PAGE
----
Cyclists are riding high after Denver’s addition of about 70 miles of bike lanes over the last three years.
The additions are part of Denver’s five-year plan to add 125 miles of bike lanes by 2024, which has cost $13.4 million so far, according to city records. The new bike lanes are part of Denver Moves, which does an ongoing assessment of the city’s bicycle accessibility.
One of the goals is to establish a “high-comfort” bike lane — which the city defines as one that is protected or gives cyclists more ownership of the road — within a quarter mile of every household, said Jennifer Hillhouse, the city’s transportation mobility planning director.
Hillhouse said 73% of Denver homes are that close now. She said the city could also “tweak” some bike lanes if they cause traffic or safety issues.
“What we do find is that as we narrow the roadway with installing the bike lanes, we are adding friction to our streets, so people are slowing down and ultimately choosing different routes depending on the corridor,” Hillhouse said.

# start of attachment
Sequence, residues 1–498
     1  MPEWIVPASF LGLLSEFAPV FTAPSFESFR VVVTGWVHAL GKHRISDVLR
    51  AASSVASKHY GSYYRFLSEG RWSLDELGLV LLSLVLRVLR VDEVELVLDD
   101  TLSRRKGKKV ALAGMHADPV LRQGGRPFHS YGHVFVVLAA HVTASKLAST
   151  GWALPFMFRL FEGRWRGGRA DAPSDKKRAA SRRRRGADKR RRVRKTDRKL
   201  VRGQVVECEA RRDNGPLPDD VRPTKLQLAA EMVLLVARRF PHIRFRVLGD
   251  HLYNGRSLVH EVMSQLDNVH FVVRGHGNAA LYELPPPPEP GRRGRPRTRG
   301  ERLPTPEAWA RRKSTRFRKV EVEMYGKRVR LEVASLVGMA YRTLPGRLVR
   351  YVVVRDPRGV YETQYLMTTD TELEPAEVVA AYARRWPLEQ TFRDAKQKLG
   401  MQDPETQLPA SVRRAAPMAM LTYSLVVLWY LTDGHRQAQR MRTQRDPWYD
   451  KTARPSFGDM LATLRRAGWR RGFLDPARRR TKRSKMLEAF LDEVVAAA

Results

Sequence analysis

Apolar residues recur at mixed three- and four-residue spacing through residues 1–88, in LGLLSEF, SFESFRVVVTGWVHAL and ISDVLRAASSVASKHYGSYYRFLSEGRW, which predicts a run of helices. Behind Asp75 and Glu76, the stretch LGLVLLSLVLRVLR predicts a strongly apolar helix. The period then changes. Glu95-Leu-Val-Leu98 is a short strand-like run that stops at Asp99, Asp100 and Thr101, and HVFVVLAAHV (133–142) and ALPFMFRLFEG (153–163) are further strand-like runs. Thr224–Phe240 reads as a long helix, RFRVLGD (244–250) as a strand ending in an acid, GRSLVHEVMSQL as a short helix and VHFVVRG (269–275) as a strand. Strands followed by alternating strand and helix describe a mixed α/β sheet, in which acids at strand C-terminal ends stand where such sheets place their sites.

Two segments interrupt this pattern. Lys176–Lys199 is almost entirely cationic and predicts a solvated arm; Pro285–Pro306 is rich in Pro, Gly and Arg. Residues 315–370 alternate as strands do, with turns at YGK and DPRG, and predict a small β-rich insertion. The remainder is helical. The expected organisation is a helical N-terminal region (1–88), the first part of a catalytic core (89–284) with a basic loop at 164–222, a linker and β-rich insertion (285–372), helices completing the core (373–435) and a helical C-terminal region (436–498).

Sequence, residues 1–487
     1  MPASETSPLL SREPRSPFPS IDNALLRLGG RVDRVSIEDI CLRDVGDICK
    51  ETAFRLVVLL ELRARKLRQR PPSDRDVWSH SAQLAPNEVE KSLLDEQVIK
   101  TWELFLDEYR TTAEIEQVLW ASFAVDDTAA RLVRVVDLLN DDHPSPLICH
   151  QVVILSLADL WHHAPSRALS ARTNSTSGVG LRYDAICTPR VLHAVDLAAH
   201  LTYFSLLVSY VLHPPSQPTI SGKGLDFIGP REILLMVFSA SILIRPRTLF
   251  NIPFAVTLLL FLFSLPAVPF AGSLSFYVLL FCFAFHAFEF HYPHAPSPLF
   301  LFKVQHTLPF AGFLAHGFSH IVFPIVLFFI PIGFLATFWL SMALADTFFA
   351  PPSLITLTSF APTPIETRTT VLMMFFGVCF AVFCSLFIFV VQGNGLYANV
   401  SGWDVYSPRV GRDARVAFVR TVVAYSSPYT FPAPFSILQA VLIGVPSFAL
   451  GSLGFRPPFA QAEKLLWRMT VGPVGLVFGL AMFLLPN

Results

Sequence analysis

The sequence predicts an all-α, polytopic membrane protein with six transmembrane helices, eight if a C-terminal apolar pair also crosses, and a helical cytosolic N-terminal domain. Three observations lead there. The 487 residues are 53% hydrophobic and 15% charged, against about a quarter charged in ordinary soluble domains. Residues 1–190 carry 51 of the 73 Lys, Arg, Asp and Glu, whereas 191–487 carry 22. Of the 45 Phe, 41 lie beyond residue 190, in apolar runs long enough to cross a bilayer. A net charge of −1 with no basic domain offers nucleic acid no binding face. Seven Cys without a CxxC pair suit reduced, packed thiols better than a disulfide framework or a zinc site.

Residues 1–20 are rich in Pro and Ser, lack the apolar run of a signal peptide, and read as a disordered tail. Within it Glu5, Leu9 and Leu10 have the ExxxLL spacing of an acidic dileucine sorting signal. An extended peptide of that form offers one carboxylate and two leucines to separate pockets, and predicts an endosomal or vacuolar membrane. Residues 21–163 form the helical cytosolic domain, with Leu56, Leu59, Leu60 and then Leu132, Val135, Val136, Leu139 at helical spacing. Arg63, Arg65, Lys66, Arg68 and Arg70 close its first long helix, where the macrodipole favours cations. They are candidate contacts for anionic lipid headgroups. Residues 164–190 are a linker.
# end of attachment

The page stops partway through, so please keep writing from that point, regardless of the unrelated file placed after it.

The three areas where bike lanes are being implemented are the downtown neighborhoods, the central-south part of the city and the northwest corridors.
One project that’s been completed is a half-mile lane along 50th Avenue from Tennyson Street to Lowell Boulevard. A project slated to be completed this year is a 1.5-mile lane along 15th Street from Blake Street to Central Street.
Following the 125-mile project, Hillhouse said the city will focus on the Globeville and Elyria-Swansea neighborhoods.
Hillhouse said Denver estimates it will need about 400 more miles of bike lanes to meet the growing number of people in the area by 2050. The Department of Transportation and Infrastructure currently manages 254 miles of bike lanes, she said, and it will have more than 300 miles when the five-year project is completed. That does …read more
Source:: The Denver Post